Dell Cloud VP Nnamdi Orakwue said, “The partner approach offers increased value to Dell’s customers, channel partners and shareholders, as part of our comprehensive cloud strategy to deliver market-leading, end-to-end cloud solutions.”
Orakwue spun Dell’s announcement as giving customers the choice they apparently want in cloud service providers, though given the almost ubiquitous availability of Amazon Web Services, one has to question whether customers really care about having a choice of cloud providers, no matter how important it might be for competition.
Dell said it will continue to provide private cloud services and claimed it is still committed to the Openstack project. The firm added that customers can buy services through its Cloud Partner Program immediately.
GrubHub and Seamless, which allow consumers to easily order online from various restaurants, are part of a group of fast-growing businesses that standardize local services under a national umbrella. Think restaurant reservations, where OpenTable dominates, or car services, where privately held startups such as Uber are making significant inroads.
“Internet sites are able to aggregate local merchants, and we’re right in the sweet spot,” said Matt Maloney, GrubHub chief executive, in a phone interview.
The services did not disclose financial terms of the deal, which is subject to regulatory approval. It is expected to close by August, the services’ executives said.
Online takeout services allow consumers to browse hundreds of menus online, along with reviews by fellow diners, and then order from the service, which notifies the restaurant. The services store payment information, cutting back on the time it takes to order food.Restaurants like the services because they cut back on phone calls at peak times.
Last year, GrubHub and Seamless coordinated $875 million in takeout sales, resulting in more than $100 million in combined revenue, they said in a statement.
But the overall U.S. takeout business is worth around $69 billion annually, with most of those sales coming from diners picking up the phone and calling the restaurant. “Our number one competitor is the paper menu,” Maloney said.
Both companies have attracted significant backing, including more than $84 million for Chicago-based GrubHub from investors such as Benchmark Capital and Lightspeed Venture Partners.
New York-based Seamless’s backers include private-equity firm Spectrum Equity, which paid $50 million two years ago for a minority stake in the business.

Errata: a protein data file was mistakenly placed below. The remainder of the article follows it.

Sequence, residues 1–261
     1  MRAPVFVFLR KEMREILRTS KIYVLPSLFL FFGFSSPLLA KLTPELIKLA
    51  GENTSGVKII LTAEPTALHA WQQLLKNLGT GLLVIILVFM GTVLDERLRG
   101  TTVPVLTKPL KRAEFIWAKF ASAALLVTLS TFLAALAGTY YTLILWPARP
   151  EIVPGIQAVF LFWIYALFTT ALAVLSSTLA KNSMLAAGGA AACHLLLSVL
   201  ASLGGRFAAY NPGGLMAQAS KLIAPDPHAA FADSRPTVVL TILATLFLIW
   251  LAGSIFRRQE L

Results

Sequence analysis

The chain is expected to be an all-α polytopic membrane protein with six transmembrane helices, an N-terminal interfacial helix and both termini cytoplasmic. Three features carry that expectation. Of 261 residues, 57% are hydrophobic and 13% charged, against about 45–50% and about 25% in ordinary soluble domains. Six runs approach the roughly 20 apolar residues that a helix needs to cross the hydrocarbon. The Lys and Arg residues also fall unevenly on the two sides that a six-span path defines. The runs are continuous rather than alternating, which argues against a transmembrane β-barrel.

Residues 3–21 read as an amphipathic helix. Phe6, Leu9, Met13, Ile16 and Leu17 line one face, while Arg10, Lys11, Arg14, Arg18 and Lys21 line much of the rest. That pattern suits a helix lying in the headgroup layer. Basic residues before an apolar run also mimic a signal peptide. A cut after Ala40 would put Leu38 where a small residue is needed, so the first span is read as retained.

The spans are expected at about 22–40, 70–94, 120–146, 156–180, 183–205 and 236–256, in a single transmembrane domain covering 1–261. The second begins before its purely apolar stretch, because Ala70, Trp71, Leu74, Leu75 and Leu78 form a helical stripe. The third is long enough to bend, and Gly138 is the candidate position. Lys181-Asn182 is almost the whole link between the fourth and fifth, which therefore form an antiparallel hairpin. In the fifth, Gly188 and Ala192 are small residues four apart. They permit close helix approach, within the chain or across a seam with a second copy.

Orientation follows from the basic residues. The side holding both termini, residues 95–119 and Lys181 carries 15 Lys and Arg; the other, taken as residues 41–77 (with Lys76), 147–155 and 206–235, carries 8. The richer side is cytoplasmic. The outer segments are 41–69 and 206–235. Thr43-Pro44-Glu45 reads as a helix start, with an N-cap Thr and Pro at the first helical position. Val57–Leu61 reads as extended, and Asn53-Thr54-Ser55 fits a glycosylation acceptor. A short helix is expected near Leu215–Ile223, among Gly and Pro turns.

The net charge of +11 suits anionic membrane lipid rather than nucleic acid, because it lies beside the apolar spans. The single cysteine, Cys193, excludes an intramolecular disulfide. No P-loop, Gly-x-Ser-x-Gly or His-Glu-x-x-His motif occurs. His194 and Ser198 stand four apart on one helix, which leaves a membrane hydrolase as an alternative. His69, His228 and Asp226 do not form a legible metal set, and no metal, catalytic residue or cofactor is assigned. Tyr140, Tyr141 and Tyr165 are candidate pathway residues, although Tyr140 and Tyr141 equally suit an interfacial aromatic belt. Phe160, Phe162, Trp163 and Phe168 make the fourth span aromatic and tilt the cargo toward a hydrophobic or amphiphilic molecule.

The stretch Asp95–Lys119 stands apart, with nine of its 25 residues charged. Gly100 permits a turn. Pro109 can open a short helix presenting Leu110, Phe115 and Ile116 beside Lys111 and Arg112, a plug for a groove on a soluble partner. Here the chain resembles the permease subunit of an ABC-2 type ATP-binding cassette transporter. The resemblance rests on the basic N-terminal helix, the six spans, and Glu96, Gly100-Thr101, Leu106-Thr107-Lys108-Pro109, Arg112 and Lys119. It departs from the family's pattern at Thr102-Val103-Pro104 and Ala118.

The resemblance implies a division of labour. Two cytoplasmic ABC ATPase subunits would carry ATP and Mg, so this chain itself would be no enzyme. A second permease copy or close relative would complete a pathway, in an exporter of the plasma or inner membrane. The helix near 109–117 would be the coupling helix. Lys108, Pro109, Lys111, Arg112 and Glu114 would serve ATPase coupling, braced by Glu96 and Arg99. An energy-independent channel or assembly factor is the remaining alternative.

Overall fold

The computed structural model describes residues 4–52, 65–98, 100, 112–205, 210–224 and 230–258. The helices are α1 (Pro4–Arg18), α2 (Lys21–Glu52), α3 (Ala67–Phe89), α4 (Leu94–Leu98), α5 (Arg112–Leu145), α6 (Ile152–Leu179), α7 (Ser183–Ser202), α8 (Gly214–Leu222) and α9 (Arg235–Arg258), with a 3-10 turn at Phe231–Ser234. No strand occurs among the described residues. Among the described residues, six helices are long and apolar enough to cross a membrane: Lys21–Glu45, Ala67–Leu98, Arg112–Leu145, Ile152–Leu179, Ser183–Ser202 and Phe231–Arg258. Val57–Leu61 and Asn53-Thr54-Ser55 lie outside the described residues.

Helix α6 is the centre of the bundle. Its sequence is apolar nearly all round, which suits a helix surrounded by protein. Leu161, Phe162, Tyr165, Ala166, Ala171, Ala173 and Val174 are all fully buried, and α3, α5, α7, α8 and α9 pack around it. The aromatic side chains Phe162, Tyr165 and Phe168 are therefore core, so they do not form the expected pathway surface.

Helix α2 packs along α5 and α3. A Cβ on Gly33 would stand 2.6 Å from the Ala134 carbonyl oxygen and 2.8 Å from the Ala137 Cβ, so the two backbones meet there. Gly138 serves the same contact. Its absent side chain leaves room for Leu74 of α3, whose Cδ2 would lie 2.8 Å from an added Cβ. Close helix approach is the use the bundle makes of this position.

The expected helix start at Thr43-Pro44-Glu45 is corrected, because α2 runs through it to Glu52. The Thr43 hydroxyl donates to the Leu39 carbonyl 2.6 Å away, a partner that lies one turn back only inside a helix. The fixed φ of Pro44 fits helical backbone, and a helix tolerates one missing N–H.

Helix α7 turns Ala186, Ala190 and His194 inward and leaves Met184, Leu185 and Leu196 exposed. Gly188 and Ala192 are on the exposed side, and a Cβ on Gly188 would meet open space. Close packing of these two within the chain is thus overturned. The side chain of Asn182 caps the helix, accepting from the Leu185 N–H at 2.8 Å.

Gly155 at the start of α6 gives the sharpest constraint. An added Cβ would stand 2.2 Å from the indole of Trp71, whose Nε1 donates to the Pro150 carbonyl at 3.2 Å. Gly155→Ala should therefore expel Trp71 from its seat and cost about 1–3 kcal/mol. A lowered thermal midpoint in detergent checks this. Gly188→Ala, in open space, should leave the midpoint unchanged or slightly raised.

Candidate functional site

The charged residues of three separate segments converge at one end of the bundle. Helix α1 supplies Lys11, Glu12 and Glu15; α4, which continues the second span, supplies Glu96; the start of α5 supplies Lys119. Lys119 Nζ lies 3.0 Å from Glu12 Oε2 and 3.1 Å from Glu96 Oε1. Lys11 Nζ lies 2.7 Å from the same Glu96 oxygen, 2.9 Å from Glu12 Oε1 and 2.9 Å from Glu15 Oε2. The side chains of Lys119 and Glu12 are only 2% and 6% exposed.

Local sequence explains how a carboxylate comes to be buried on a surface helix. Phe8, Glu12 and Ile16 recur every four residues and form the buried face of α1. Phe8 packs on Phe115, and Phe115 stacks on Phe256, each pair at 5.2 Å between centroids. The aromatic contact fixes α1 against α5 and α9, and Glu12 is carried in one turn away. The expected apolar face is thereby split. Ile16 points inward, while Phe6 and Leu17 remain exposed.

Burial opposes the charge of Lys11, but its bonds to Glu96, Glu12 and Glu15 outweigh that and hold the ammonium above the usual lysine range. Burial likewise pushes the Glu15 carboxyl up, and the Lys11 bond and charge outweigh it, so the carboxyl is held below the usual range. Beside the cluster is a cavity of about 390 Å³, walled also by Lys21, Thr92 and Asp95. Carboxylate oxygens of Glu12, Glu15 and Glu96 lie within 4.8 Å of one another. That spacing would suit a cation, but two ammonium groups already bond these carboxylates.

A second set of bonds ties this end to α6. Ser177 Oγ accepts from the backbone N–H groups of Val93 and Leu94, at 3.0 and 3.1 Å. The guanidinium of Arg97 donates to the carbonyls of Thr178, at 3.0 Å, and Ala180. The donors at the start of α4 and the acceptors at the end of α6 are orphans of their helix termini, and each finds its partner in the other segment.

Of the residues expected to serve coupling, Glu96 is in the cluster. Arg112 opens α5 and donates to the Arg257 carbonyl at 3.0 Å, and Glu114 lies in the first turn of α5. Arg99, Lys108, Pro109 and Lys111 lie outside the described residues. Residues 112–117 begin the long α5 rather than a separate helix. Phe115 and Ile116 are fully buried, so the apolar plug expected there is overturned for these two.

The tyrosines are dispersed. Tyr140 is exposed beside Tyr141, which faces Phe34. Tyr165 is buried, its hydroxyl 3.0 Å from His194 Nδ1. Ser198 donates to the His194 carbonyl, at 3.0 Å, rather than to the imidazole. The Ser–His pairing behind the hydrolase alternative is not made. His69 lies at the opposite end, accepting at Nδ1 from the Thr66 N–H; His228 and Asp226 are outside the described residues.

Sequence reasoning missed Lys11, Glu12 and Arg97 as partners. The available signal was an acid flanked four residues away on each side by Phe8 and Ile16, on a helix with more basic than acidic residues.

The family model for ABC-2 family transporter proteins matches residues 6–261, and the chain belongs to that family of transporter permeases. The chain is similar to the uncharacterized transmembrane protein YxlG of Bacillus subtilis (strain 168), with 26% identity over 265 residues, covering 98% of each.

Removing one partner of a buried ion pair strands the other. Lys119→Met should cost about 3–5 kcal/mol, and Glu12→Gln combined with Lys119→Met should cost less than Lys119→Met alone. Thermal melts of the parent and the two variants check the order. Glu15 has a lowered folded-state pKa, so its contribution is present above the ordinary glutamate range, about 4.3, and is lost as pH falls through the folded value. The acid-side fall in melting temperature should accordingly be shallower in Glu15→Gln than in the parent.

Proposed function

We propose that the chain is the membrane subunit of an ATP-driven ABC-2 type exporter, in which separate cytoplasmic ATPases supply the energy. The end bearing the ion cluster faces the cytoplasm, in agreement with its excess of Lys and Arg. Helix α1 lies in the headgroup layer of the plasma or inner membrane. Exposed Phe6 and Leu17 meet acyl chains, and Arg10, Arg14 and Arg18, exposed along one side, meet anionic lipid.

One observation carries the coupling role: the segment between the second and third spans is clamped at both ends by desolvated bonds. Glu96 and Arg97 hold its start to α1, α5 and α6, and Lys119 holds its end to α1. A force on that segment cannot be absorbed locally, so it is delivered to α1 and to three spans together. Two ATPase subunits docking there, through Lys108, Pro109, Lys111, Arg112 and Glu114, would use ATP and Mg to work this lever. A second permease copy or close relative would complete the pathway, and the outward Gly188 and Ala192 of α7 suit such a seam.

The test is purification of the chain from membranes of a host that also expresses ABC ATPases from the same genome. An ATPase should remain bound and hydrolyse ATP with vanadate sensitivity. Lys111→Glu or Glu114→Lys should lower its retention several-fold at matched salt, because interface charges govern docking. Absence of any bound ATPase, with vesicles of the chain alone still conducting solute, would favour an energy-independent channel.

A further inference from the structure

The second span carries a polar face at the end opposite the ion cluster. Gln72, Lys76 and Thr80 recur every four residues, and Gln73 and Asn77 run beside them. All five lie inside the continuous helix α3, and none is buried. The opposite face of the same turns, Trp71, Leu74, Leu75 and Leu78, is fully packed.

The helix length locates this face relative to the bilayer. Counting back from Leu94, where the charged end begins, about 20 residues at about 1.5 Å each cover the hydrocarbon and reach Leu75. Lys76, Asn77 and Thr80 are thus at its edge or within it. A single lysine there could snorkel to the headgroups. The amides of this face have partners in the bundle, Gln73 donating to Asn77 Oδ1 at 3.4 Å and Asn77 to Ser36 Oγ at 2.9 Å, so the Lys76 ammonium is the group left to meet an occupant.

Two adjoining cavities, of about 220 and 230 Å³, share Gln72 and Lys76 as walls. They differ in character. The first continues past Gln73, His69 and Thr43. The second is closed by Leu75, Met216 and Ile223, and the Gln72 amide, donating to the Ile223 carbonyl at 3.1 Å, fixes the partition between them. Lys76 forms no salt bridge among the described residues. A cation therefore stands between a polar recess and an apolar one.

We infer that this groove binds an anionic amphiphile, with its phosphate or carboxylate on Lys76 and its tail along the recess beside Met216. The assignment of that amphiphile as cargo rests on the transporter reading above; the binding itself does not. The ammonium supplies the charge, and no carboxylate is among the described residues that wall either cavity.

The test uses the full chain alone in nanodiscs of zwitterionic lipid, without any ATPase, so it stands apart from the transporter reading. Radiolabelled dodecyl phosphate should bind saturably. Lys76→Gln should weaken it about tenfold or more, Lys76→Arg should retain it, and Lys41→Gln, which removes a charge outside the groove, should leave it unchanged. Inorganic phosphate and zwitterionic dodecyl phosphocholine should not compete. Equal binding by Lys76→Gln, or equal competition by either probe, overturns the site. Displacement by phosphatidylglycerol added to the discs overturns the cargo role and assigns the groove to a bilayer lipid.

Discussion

GrubHub is the larger of the two services, covering 20,000 restaurants in 500 cities. Maloney, its founder and chief executive, will become CEO of the combined company, while Seamless CEO Jonathan Zabusky will serve as president.
Seamless currently works with 12,000 restaurants in 40 cities, including in London.
The combined company will have 600 employees.
Finnish startup Jolla has announced its first smartphone, which debuts its Sailfish OS on a 4.5-inch screen. The device integrates the company’s unique back covers with the software, allowing the look to change and new features to be added.
Jolla, which was founded by former Nokia employees who wanted to continue the development work the Finnish phone maker had done on the MeeGo OS, is with the introduction one big step closer to entering the ultra-competitive smartphone market.
“The earliest memories I have of things really crystalizing is from the summer of 2011. I was on holiday and there was a conference call I took on the beach, and the people that became Jolla, the founders and many of the early contributors were on that call. But to me the hard work really started in January 2012,” said Marc Dillon, who recently stepped down as the company’s CEO to focus on developing the first phone.
The LTE-smartphone — which is just called Jolla, for now — is powered by a dual-core processor and has an 8-megapixel camera. It also has 16GB of integrated storage which can be expanded using an SD card.
The smartphone has been designed to look like two thin slabs that have been bonded together, and users can change the color of the back one with different snap-on covers. The back cover isn’t just about the hardware design. It is integrated with the OS and can be used to add features and change the look, a concept Jolla calls “the other half.”
“This is one of the most powerful things we have … a very simple example could be that you have covers with different colors,” Dillon said. “So you change the back of the device to a red one in the evening and a black one for the office and that would also change the user interface because there is a connection there.”
The cover could also have more memory for extra content that could be used by artists to put out limited edition phones, according to Dillon.
The company’s core offering is the Sailfish operating system, which Jolla hopes will lure users away from competing platforms. To help boost the availability of apps, the OS will be able to run Android applications.
The heart of the OS consists of thumbnails of opened applications on the homescreen from which users also can access multiple features directly by scrolling from side-to-side or just clicking on them to access the main feature.
“The true multitasking is working in lots of different applications. You can have a video running in a thumbnail while you are doing something else on the device,” Dillon said.
The Jolla will start shipping during the fourth quarter and cost a!399 (US$510) including taxes in the EU. It can be preordered on Jolla’s website.
DAS (distributed antenna systems) using coaxial cable have been the main solution to the problem, but they now face some limitations. To address them, Corning will introduce a DAS at this week’s CTIA Wireless trade show in Las Vegas that uses fiber instead of coax all the way from the remote cell antennas to the base station in the heart of a building.
Cable-based DAS hasn’t kept up with the new world, according to the optical networking vendor. Though Corning is associated more often with clear glass than with thin air, it entered the indoor wireless business in 2011 by buying DAS maker MobileAccess. That’s because Corning thinks optical fiber is the key to bringing more mobile capacity and coverage inside.